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-   -   Two 120v Nuheat mats wired in series for 240v circuit? (http://www.diychatroom.com/f18/two-120v-nuheat-mats-wired-series-240v-circuit-69784/)

chrispy35 04-25-2010 01:34 AM

Two 120v Nuheat mats wired in series for 240v circuit?
 
Hi there,

I just realized (a little late) that the two Nuheat mats I installed in my bathroom are 120 V mats and the old circuit for power I'm using from the baseboard header is a 240 V circuit.

My proposed solution to this is to wire the mats in series to the thermostat rather than in parallel. Each mat would have ~120 V across it and both mats would have the exact same current which would in theory give more even heating on the floor. The power to each mat would be approximately the same as if they were each connected directly to a 120 V circuit as intended.

Does anyone see any issue with my proposed solution? I can't think of problems with it but it's late and I want to make sure I'm not overlooking anything.

Thx,

Chris P.

frenchelectrican 04-25-2010 01:44 AM

My answer is no it is not good idea due couple reason .,,

one is that you will never able get both mats have the excat same size

Second thing if one fail the other heater mat will not work at all

Third I am pretty sure your code do required RCD { GFCI }

How many watts do that mat heater do require ?

And is that heater is it own circuit if so you can able reconfreaged from 240 to 120 volts by looking at one of the double pole breaker and find the white conductor and move it to the netural bussbar but due you are in BC Canada area so I will say a 50/50 shot that you do not have white conductor in your cable if so you will not able remark it for 120 volts.

One of our members from Canada he will give you the straght answer with BC codes.

so hang on he should chime in so he will look it up for ya.

Merci,Marc

thefatpigeon 04-25-2010 02:09 AM

french electrician speaks the truth. You should have a two pole breaker protecting your heater circuit. under the screws you will have a black and a white wire( you should unless the elctrician was doing something funny with 3 wire) remove the white wire and connect it to the neutral busbar. you should then replace the breker with single pole breaker of the correct rating.

AllanJ 04-25-2010 06:55 AM

Quote:

Originally Posted by frenchelectrican (Post 433185)
... but due you are in BC Canada area so I will say a 50/50 shot that you do not have white conductor in your cable if so you will not able remark it for 120 volts.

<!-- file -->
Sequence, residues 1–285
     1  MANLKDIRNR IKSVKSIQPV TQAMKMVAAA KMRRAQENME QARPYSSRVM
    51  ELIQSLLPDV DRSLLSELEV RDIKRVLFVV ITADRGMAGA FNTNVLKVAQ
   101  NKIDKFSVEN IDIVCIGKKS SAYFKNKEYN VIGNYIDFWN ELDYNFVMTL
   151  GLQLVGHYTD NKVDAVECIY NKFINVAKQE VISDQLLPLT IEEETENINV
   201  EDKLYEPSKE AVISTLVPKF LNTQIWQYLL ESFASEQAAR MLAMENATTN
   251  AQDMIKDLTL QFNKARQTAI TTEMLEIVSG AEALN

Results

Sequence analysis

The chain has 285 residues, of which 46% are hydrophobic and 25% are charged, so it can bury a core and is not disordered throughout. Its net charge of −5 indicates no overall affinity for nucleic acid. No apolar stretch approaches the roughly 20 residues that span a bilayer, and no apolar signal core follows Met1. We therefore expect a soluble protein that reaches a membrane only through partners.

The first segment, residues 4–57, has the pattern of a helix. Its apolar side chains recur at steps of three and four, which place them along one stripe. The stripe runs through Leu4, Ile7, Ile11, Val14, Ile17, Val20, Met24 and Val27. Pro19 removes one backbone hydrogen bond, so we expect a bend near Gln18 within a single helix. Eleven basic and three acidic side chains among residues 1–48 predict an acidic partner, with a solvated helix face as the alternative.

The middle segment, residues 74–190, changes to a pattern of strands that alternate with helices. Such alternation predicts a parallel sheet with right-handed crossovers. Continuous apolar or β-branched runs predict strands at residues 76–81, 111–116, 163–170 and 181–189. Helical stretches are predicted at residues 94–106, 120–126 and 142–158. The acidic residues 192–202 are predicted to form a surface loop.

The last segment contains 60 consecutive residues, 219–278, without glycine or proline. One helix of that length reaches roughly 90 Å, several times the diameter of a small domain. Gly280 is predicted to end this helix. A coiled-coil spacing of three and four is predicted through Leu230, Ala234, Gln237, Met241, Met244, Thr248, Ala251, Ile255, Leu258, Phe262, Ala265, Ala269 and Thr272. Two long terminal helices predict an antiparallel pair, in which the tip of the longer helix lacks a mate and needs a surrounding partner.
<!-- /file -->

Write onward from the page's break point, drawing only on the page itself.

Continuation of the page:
Sometimes (more often in Canada compared with the U.S.) 240 volt circuits are wired with 2 conductor cable with red and black conductors.

Daniel Holzman 04-25-2010 08:59 AM

I have NuHeat mats also, and I am pretty sure you will immediately void the warranty by stringing the mats together in series. Not sure how you plan to make the connection between the two mats, but however you do it, NuHeat is not going to like it, not to mention the connection could be a fire hazard. Those leads they give you on the mats are designed for attachment to the thermostat only.

Yoyizit 04-25-2010 09:26 AM

Check that the voltage across each mat is close enough to 120v.
For heaters using Nichrome wire this will probably work, electrically.
NEC, etc., is another issue.

tpolk 04-25-2010 09:57 AM

isnt he saying he wants to use each leg of the dble pole as a seperate feed to each matt even tho he calls it in series?

chrispy35 04-25-2010 12:48 PM

Thanks for the quick replies all, I have a few follow-up statements and questions:

Quote:

Originally Posted by frenchelectrican (Post 433185)
My answer is no it is not good idea due couple reason .,,

one is that you will never able get both mats have the excat same size

I'm not sure I understand your statement regarding both mats being the same size. Do you mean same power rating? Mat #1 is 120 W @ 1.0 A (120 ohms) and mat #2 is 90 W @ 0.8 A (160 ohms). Wired in series, these two would create a 280 ohm load that would produce 205 W of heat on a 240 V line which is marginally less than if they were wired in parallel to a 120 V line.

Quote:

Originally Posted by frenchelectrican (Post 433185)
Second thing if one fail the other heater mat will not work at all

I'm not worried about one mat failing because, if one failed with a parallel connection, half the floor would be cold and I would probably disconnect the other mat in that case and go back to a baseboard heater as it was before (the baseboard heater wiring is being used for the mat so it would be trivial to go back).